HF: Alex Sexton / Ben King / Ben Ainsworth
FF: Izak Rankine / Sam Day / Wil Powell
FOL: Jarrod Witts / David Swallow / Matt Rowell
INT: Brandon Ellis / Rory Atkins / Touk Miller / Jarrod Harbrow

On the brink: Elijah Hollands, Alex Davies, Sam Flanders, Sean Lemmens, Darcy Macpherson, Jack Hombsch, Zac Smith, Brayden Fiorini

Injured: Rory Thompson

Gold Coast’s batch of youngsters – particularly through the midfield – makes them an interesting watch this season.

Much is expected of fit-again Matt Rowell and Noah Anderson who headline the Suns’ engine room along with battle-hardened duo David Swallow and Hugh Greenwood.

The Suns acquired Rory Atkins and Oleg Markov to round out their list with some mature heads and are expected to slot straight into Gold Coast’s preferred side.

Jack Lukosius and Ben King will continue to develop as the club’s two key emerging bookends, but first-round draft Elijah Hollands is still recovering from an ACL injury and will miss the start of the season.

Alex Zaia

GWS Giants club banner

FB: Lachlan Ash / Phil Davis / Sam Taylor
HB: Nick Haynes / Lachie Keeffe / Lachie Whitfield
C: Josh Kelly / Stephen Coniglio / Harry Perryman
HF: Jeremy Finlayson / Harry Himmelberg / Toby Greene
F: Brent Daniels / Jesse Hogan / Jake Riccardi
FOL: Shane Mumford / Jacob Hopper / Tim Taranto
INT: Matt De Boer / Tom Green / Callan Ward / Daniel Lloyd

On the brink: Ian Hill, Tanner Bruhn, Sam Reid, Isaac Cumming, Connor Idun, Matthew Flynn

Injured: Braydon Preuss, Adam Kennedy

The biggest hole to fill for the Giants from 2020 is that of Jeremy Cameron, whose absence provides a gaping fissure in the forward line.

The obvious choice is Jesse Hogan but he is no certainty to successfully step into the chasm. He is now at this third club and after an interrupted last few years, will require assistance from Harry Himmelberg and Jeremy Finlayson.

The Giants will also have to cope without Zac Williams and Aidan Corr, while developing midfielders Jye Caldwell and Jackson Hately, and small forward Zac Langdon are also out the door.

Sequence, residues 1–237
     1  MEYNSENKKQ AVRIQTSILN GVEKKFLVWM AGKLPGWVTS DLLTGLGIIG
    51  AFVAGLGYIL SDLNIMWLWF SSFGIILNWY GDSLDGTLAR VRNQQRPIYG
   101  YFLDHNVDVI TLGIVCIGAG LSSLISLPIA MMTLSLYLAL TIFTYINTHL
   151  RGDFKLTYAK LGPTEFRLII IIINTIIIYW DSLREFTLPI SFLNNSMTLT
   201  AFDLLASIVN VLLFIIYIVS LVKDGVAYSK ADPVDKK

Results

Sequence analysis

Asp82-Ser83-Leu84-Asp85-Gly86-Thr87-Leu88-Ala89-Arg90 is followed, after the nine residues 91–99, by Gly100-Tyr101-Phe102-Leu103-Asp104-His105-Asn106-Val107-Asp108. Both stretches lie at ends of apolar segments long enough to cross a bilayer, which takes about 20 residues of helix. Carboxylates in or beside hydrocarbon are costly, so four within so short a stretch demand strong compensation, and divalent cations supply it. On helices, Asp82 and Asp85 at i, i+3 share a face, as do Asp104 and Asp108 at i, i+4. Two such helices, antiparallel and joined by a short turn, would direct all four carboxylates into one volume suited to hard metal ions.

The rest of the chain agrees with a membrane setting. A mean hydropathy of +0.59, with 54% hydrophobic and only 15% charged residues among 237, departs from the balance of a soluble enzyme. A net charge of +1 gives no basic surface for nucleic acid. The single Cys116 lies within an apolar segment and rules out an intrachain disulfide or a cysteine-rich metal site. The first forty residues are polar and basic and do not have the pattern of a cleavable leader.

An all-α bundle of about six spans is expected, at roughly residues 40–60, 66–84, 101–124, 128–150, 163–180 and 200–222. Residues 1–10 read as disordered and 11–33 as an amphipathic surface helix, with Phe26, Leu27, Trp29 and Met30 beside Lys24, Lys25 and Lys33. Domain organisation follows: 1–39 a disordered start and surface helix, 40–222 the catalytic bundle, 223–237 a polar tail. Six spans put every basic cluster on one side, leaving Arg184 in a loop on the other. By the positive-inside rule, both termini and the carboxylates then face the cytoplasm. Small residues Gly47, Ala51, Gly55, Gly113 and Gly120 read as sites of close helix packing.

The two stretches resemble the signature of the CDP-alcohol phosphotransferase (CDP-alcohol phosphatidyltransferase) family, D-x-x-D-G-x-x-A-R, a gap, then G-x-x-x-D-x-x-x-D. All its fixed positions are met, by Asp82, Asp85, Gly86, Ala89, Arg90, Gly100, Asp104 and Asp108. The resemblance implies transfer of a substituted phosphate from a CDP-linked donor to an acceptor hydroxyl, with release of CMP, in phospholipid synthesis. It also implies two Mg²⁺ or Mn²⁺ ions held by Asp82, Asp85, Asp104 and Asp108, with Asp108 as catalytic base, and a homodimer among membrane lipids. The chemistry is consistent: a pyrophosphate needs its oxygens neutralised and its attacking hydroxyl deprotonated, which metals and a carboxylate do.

Expect Tom Green to be a constant presence in midfield while running defender Lachlan Ash should be afforded more opportunities. The back six will be boosted by the return of Sam Taylor.

Braydon Preuss was set to take on the primary ruck duties but shoulder surgery has scuppered those plans so Shane Mumford will be back in the role with the untried Matthew Flynn next in line.

The Giants side, on paper, looks in decent shape but is there enough depth?

Andrew Slevison


Hawthorn club banner

FB: Blake Hardwick / Kyle Hartigan / Jarman Impey
HB: Shaun Burgoyne / Jack Scrimshaw / Sam Frost
C: Tom Phillips / Tom Mitchell / Will Day
HF: Chad Wingard / Tim O’Brien / Dylan Moore
FF: Jack Gunston / Mitchell Lewis / Luke Breust
FOL: Ben McEvoy / Jaeger O’Meara / James Worpel
INT: Jon Ceglar / Connor Downie / Daniel Howe / Liam Shiels

On the brink: Changkuoth Jiath, James Cousins, Jacob Koschitzke, Denver Grainger-Barrass, Damon Greaves, Tyler Brockman, Oliver Hanrahan

Injuries: James Sicily

Jack Gunston certainly won’t be there for the start of the season, James Sicily might not get out there at all in 2021, Jack Scrimshaw has been pretty much ruled out for the season opener, and Tom Mitchell and Chad Wingard also might not make it to the start line, so the round one team won’t resemble this whatsoever.

The back six is actually quite solid and gives Alastair Clarkson a bit to work with, but it is forward of centre where the Hawks lack x-factor and consistent scoring power. Pretty much all those fringe players listed might play in the season opener against the Bombers and that’s exciting for Hawks fans because they’re the future. Brockman might be the smokey – he shapes as the electric small forward the Hawks have been crying out for.

Ash Browne

Melbourne club banner

FB: Michael Hibberd / Steven May / Tom McDonald
HB: Christian Salem / Jake Lever / Jay Lockhart
C: Ed Langdon / Jack Viney / Angus Brayshaw
HF: Jake Melksham / Sam Weideman / Bayley Fritsch
FF: Luke Jackson / Ben Brown / Kysaiah Pickett
FOL: Max Gawn / Christian Petracca / Clayton Oliver
INT: James Harmes / Trent Rivers / Adam Tomlinson / Nathan Jones

On the brink: Toby Bedford, Joel Smith, Charlie Spargo, Aaron Vandenberg, Oskar Baker, Harrison Petty

Simon Goodwin has an early-season headache, having to find a replacement for both new recruit Ben Brown and the developing Sam Weideman, who will miss the early part of the 2021 season through injuries.

That scenario will likely see Tom McDonald play in the forward line, with second-year tall Luke Jackson also tipped to spend more time up forward as well.

Outside of their forward injury troubles, Melbourne’s side is fairly settled heading into a crucial season where all the pressure is on them to perform after an underwhelming 2020.

Laurence Rosen


North Melbourne club banner

FB: Jack Ziebell / Robbie Tarrant / Aidan Corr
HB: Luke McDonald / Ben McKay / Shaun Atley
C: Jared Polec / Ben Cunnington / Trent Dumont
HF: Aaron Hall / Cam Zurhaar / Jaidyn Stephenson
FF: Tarryn Thomas / Nick Larkey / Curtis Taylor
FOL: Todd Goldstein / Luke Davies-Uniacke / Jy Simpkin
INT: Jed Anderson / Josh Walker / Will Phillips / Lachie Young

On the brink: Atu Bosenavulagi, Aiden Bonar, Bailey Scott, Jack Mahony, Tristan Xerri, Flynn Perez, Kyron Hayden

North Melbourne will be sweating over Todd Goldstein’s health – it’s fair to say they cannot afford to lose him on the eve of the season. Goldstein suffered a heavy knock in the intra club over the weekend. He will be the key to a midfield built around Ben Cunnington and youngsters.